The League of Oregon Cities is supporting a move to peg a home's property taxes to its market value — rather than its usually lower assessed value — whenever a home sells.
The change would boost property taxes on many properties when they sell but also generate more revenue to pay for schools, police protection and other local services.
The league also wants property taxes pegged to real market values on new construction. Currently, countywide ratios are used to determine assessed values on new construction, according to the league.
Statewide, the assessed value of property averages 74 percent of its real market value, according to data provided by the league. In Jackson County, the average is 77 percent, according to Chris Fick, a finance and taxation analyst with the league.
In Ashland, the gap is even wider, with assessed values on average totaling only 68 percent of real market values, he said.
Fick provided an example of how the tax bill would change under the proposal, using a home assessed at 75 percent of its real market value. If that home had a property tax bill of $2,000 and it sold, the property taxes would increase to $2,600. The change would require a voter-approved amendment to the Oregon Constitution, Fick said.
Assessed values have become increasingly divorced from real market values ever since state voters passed a property tax limit measure in 1997, according to the league. Assessed values were knocked back down to 1995-96 levels and then allowed to grow only 3 percent annually. People who own homes with similar market values can at times pay widely different amounts in property taxes, according to the league.
"Under our current system, you have major inequities in what people are paying for the same local services, meaning other people are subsidizing certain properties — a subsidy that will continue in perpetuity under our current rules," Fick said.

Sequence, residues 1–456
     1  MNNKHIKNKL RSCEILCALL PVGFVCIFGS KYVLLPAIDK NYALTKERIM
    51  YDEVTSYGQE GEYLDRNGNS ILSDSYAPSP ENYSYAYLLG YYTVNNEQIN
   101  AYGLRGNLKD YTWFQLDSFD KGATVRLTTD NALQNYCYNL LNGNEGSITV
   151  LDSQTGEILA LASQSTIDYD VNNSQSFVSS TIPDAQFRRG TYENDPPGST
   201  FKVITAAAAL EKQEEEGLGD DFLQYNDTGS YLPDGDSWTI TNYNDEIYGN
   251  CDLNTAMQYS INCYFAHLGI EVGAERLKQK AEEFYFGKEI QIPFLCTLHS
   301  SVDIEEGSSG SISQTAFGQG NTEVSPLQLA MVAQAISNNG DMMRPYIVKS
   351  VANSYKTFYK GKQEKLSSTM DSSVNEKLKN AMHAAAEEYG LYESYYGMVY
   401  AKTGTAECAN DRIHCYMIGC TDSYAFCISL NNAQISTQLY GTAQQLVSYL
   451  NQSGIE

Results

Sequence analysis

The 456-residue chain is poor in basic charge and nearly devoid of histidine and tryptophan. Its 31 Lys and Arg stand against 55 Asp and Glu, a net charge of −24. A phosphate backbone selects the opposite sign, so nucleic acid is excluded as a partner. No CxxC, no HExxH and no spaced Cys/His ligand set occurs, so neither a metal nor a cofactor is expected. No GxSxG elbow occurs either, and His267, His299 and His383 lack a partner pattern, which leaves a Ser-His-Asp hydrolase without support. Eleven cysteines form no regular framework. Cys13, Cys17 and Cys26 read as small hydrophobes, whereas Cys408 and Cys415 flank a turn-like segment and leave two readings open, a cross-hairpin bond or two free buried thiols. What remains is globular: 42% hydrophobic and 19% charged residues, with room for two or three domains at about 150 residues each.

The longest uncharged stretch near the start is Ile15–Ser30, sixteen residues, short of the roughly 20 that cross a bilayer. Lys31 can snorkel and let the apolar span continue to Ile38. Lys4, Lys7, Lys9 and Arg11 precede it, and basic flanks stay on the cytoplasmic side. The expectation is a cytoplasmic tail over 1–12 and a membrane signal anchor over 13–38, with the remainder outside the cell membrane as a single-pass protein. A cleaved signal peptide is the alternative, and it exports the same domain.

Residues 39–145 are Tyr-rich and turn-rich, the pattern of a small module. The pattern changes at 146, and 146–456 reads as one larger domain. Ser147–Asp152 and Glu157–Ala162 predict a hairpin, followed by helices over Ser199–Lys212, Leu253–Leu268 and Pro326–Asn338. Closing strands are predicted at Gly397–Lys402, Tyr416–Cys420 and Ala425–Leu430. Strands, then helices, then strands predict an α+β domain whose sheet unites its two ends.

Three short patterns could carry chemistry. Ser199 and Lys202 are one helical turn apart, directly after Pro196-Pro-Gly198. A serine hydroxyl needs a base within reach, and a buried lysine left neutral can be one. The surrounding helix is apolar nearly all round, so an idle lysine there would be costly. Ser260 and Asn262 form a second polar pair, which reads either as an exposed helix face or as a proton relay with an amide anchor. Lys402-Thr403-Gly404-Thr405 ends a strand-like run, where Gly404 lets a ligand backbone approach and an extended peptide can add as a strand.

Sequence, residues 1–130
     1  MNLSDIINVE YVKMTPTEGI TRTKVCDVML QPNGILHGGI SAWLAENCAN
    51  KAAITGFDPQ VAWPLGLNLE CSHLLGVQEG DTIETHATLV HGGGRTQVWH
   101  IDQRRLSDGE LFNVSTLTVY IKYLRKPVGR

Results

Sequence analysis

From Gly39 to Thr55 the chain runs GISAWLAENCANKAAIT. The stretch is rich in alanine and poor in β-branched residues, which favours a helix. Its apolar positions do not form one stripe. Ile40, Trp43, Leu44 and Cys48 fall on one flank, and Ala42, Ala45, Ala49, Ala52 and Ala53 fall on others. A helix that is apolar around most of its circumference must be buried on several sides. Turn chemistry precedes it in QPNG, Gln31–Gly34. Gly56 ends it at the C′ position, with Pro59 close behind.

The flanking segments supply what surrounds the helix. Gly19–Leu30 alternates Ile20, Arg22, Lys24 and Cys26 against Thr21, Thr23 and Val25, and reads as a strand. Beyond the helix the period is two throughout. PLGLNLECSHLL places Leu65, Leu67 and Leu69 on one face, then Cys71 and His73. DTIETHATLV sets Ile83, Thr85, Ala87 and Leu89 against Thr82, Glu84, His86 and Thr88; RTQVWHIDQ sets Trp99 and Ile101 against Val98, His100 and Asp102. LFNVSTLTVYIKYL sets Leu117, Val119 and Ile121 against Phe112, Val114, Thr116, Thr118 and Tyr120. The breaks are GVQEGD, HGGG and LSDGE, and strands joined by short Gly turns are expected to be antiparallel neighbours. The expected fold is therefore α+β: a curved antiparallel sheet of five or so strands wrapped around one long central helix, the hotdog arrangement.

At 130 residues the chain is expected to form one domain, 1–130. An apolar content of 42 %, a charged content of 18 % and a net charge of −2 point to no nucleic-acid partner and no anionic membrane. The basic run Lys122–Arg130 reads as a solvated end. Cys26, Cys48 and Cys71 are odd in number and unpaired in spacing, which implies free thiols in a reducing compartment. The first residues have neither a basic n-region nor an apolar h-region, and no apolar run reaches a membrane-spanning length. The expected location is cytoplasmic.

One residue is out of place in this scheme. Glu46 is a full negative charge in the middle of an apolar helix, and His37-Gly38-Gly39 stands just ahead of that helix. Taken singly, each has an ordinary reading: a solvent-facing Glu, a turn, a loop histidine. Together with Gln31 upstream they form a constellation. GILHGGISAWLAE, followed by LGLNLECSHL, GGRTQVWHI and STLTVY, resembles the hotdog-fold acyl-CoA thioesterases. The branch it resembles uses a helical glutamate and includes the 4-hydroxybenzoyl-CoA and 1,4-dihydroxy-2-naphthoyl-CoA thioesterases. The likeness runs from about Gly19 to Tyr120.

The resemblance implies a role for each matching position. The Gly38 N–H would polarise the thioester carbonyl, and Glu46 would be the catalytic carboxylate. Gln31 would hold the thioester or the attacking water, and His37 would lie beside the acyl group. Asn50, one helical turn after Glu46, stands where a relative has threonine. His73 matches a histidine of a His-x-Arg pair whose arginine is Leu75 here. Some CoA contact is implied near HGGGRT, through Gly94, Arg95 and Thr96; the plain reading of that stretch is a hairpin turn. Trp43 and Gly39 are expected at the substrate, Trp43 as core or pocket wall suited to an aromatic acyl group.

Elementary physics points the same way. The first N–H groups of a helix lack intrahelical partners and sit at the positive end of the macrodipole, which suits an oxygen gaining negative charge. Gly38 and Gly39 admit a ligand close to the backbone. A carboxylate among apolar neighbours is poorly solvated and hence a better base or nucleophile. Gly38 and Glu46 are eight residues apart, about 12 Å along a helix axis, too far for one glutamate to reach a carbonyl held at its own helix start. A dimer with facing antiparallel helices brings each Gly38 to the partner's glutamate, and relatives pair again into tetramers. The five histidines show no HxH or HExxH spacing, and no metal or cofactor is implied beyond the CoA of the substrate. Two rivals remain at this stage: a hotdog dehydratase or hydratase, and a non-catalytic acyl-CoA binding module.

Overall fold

Northeast Portland is serving as the league's poster child for those disparities. According to league data, one home with a real market value of $282,140 in Northeast Portland has an annual property tax bill of $1,151, while a Southwest Portland home with a market value of $279,390 has a $4,385 annual tax bill.
Ashland is among the cities in Oregon that support resetting property taxes to real market values on new construction or when homes sell.
The Oregon Association of Realtors' lobbyist has vowed to fight the move to reset property taxes when the issue goes to the Legislature, said Krista Laulainen, legislative chairwoman for the Rogue Valley Association of Realtors and a principal broker with Coldwell Banker in Ashland.
"I don't know why doing the reset at sale makes it more equitable," she said.
Laulainen said one house could sell several times in a neighborhood and have ever increasing property taxes, while another house could be kept by the same owner for decades and have low taxes.
She said homeowners who try to sell their houses and buy new homes would be among those who would be especially hard hit by the change.
Prospective buyers would have to consider that the property taxes would increase when they purchase a home. So would those who sell their homes to buy another, Laulainen said.
She said many people who sell homes are forced to because of a death, a divorce or a job relocation.
Under the current system, it's easy for buyers to figure out how much their property taxes will be because the amount is similar to what the seller has had to pay, plus the allowed 3 percent annual increase, she said.
"People love that they have the ability to say, 'I know my tax rate,'" Laulainen said.
If the change proposed by the league caused property taxes to go up substantially, that could put a damper on real estate sales, she said.
Fick said Oregon's housing market is starting to show signs of recovery and the property tax reset would not likely be referred to voters until the 2014 election.
Implementation of the change would take place several years later, he said.
The amount of extra revenue that the change could generate for local governments would largely depend on how the real estate market recovers, Fick said.
He said 17 states have passed property tax limitations similar to Oregon's, but 15 recalibrate property taxes at the time of sale to realign assessed and real market values.
The Massachusetts-based Lincoln Institute on Land Policy found that the Oregon tax system has gone the furthest in breaking the link between assessed values and market values, Fick said.
"We don't think that's a good thing," he said.
Staff reporter Vickie Aldous can be reached at 541-479-8199 or firstname.lastname@example.org.